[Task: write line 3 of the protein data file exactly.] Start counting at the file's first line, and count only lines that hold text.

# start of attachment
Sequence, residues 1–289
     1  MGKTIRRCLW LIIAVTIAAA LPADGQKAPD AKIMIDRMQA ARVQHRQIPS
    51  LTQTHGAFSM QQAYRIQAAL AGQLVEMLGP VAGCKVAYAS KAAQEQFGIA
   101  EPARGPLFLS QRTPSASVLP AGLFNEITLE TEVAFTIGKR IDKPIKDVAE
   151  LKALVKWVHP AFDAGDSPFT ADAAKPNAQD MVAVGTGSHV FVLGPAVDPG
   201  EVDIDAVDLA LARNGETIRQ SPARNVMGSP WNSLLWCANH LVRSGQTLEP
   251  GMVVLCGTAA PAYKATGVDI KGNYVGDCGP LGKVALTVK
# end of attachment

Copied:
    51  LTQTHGAFSM QQAYRIQAAL AGQLVEMLGP VAGCKVAYAS KAAQEQFGIA